I’ve been working a lot lately, which got me thinking about my work ethic compared to others. I know many people with chronic illness, myself included, who’ve said, “I feel like I have to work harder because I’m sick.” I’d like to say a few things on this topic because of an incident that happened at my job.
I am always straightforward about having Crohn’s and an ileostomy with all employers. That’s my decision because if something happens I can keep my manager in the loop, which makes it easier (and understanding) for both of us. Since I’m prone to having sick days, the down side to disclosing this info is feeling like I need to work harder than my co-workers to prove my worth.
“Dedication. Hard worker. Dependable. Sarah will go any length to get her work done.”
That’s how my boss describes me and I’m proud of it. It’s worth all my efforts to receive compliments like this, because some days it’s so hard and mentally draining to get out of bed. There have been days I work so hard, that by the end of my shift I can barely walk. That’s just how it goes sometimes when you live with a chronic illness, but I wish “healthy” people would understand there are moments where I just need to take a break.
I had a co-worker ask me why I was sitting down and not doing my job during the last 10 minutes of my shift. I got offended because I went non-stop all day (almost 12 hours) and at that moment used up my ‘last spoon for the day’. I just couldn’t keep going anymore. I needed a minute to rest.
On top of that, I hate using public bathrooms when it comes to emptying my ostomy bag. Being that I work in a restaurant, I just can’t find it in me to empty my bag in the restroom, so by the end of the day my bag is pretty full. It looks funny with me wearing tight pants, ha-ha, so I sometimes sit down to make it less noticeable.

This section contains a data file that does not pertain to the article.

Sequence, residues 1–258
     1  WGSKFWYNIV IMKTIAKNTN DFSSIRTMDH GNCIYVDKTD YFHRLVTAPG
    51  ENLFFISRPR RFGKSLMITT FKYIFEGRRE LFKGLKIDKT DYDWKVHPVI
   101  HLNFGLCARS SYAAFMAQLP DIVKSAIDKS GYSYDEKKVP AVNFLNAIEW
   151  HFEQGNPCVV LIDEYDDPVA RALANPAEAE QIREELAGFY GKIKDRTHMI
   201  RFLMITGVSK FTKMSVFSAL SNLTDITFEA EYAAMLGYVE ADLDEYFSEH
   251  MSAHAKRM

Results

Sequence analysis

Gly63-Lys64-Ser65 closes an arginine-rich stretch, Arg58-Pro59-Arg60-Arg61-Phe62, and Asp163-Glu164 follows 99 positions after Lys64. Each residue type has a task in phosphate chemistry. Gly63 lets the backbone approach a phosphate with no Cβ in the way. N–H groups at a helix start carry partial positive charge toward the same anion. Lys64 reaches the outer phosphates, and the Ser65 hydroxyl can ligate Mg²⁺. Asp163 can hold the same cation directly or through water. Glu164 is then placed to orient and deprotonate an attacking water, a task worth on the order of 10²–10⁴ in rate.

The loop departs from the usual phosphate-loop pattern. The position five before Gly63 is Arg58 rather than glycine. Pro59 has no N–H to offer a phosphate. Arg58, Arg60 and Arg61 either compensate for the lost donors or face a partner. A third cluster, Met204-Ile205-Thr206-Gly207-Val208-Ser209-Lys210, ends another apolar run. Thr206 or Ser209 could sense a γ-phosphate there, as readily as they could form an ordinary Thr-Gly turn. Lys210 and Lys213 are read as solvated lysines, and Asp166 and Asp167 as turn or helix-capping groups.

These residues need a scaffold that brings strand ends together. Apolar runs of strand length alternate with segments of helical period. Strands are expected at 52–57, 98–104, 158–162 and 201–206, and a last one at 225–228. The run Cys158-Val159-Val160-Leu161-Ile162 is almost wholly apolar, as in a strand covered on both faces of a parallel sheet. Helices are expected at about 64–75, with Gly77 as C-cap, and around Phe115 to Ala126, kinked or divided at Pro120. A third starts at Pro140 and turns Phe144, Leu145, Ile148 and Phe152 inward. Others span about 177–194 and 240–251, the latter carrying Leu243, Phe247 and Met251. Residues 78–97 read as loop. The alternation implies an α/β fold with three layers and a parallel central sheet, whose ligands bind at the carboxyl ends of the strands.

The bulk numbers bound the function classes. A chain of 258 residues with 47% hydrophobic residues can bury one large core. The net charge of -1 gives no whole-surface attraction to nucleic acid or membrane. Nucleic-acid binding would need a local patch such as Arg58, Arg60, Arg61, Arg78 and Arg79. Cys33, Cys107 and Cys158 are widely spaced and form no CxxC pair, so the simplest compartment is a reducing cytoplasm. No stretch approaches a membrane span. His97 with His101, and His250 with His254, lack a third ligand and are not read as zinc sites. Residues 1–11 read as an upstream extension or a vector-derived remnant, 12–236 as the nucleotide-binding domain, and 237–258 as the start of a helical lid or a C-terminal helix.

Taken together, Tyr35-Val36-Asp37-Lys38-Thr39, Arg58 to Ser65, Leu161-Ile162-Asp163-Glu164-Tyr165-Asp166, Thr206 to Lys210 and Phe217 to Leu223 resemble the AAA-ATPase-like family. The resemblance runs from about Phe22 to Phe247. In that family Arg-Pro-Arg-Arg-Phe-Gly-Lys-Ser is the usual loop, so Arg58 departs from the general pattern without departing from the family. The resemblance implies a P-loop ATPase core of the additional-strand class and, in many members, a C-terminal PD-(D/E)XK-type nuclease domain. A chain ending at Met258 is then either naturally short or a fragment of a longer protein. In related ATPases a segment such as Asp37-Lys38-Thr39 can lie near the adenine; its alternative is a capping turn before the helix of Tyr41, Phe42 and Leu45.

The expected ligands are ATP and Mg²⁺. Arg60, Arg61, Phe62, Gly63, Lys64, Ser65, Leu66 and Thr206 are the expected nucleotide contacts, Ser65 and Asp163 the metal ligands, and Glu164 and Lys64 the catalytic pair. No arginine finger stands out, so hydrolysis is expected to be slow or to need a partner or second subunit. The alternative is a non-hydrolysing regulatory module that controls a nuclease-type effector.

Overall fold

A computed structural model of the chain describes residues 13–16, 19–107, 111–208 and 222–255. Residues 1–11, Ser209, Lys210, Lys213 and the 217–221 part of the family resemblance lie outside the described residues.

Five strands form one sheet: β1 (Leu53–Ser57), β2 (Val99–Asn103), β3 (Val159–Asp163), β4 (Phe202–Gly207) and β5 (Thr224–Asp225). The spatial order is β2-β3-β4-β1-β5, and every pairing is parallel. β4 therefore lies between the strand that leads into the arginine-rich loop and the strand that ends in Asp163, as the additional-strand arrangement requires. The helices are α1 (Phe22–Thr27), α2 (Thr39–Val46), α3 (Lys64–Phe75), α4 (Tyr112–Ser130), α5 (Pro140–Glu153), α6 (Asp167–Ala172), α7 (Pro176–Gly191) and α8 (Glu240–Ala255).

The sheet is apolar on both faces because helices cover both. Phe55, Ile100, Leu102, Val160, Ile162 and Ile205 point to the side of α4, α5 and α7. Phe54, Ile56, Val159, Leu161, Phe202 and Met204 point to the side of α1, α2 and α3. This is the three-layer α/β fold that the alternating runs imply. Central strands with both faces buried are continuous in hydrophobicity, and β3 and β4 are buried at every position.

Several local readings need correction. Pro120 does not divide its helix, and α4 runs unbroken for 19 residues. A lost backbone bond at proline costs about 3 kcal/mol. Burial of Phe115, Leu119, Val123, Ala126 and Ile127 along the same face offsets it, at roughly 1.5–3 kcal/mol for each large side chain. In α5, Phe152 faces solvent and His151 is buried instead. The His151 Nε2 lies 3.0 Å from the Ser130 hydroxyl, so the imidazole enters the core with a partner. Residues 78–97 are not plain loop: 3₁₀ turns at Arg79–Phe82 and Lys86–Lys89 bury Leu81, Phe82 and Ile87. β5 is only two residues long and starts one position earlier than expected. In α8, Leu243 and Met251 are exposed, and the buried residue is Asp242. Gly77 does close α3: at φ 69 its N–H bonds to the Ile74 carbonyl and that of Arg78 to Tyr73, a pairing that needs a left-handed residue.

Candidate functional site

To all the people working with someone who has an ostomy or chronic illness…
If you are aware that your co-worker has a medical condition (whether you know what it is or not), and you see them resting or “slacking” (as some would say)… PLEASE don’t go off, freak out, or anything, just give them that moment without judgement. Stress is a major trigger for a lot of us and your rude comment could be the straw that broke the camel’s back.
Now back to the topic at hand. Working.
At the restaurant where I work everyone must look professional at all times, no matter if you’re in the front (servers) or back (chefs). I wear make-up, style my hair and do my best to smile, though it’s hard when I’m in pain. I still find a way to do my job, so I grit my teeth and push forward. I look just fine, but inside I’m not. That’s why having an ostomy or IBD is called known as an “invisible” illness.
Plus, every two weeks I take Humira which makes all my joints hurt and I feel extra fatigue, it’s really rough. I am learning that even though I will always go above and beyond at my job, I need to slow down and take my time when I start feeling bad because I don’t want to end up in the hospital. My health should always come first.
I struggle with self-care, it’s a slow learning process.
When I’m not sick, all I want to do is live, work and do all the things that don’t involve having an illness. I bought I shirt recently that read, “I am not bossy, I’m the boss.” I keep that mindset and so should you, but when you’re not feeling 100% it’s best to slow down and let your superiors know because they can help you.
To all the people working with someone who has IBD that would like to understand how the disease makes everyday life different, check out The Spoon Theory written by Christine Miserandino. Her blogsite, But You Don’t Look Sick, explains a lot.
This post originally appeared July 10, 2016 on Living Life IBD Style.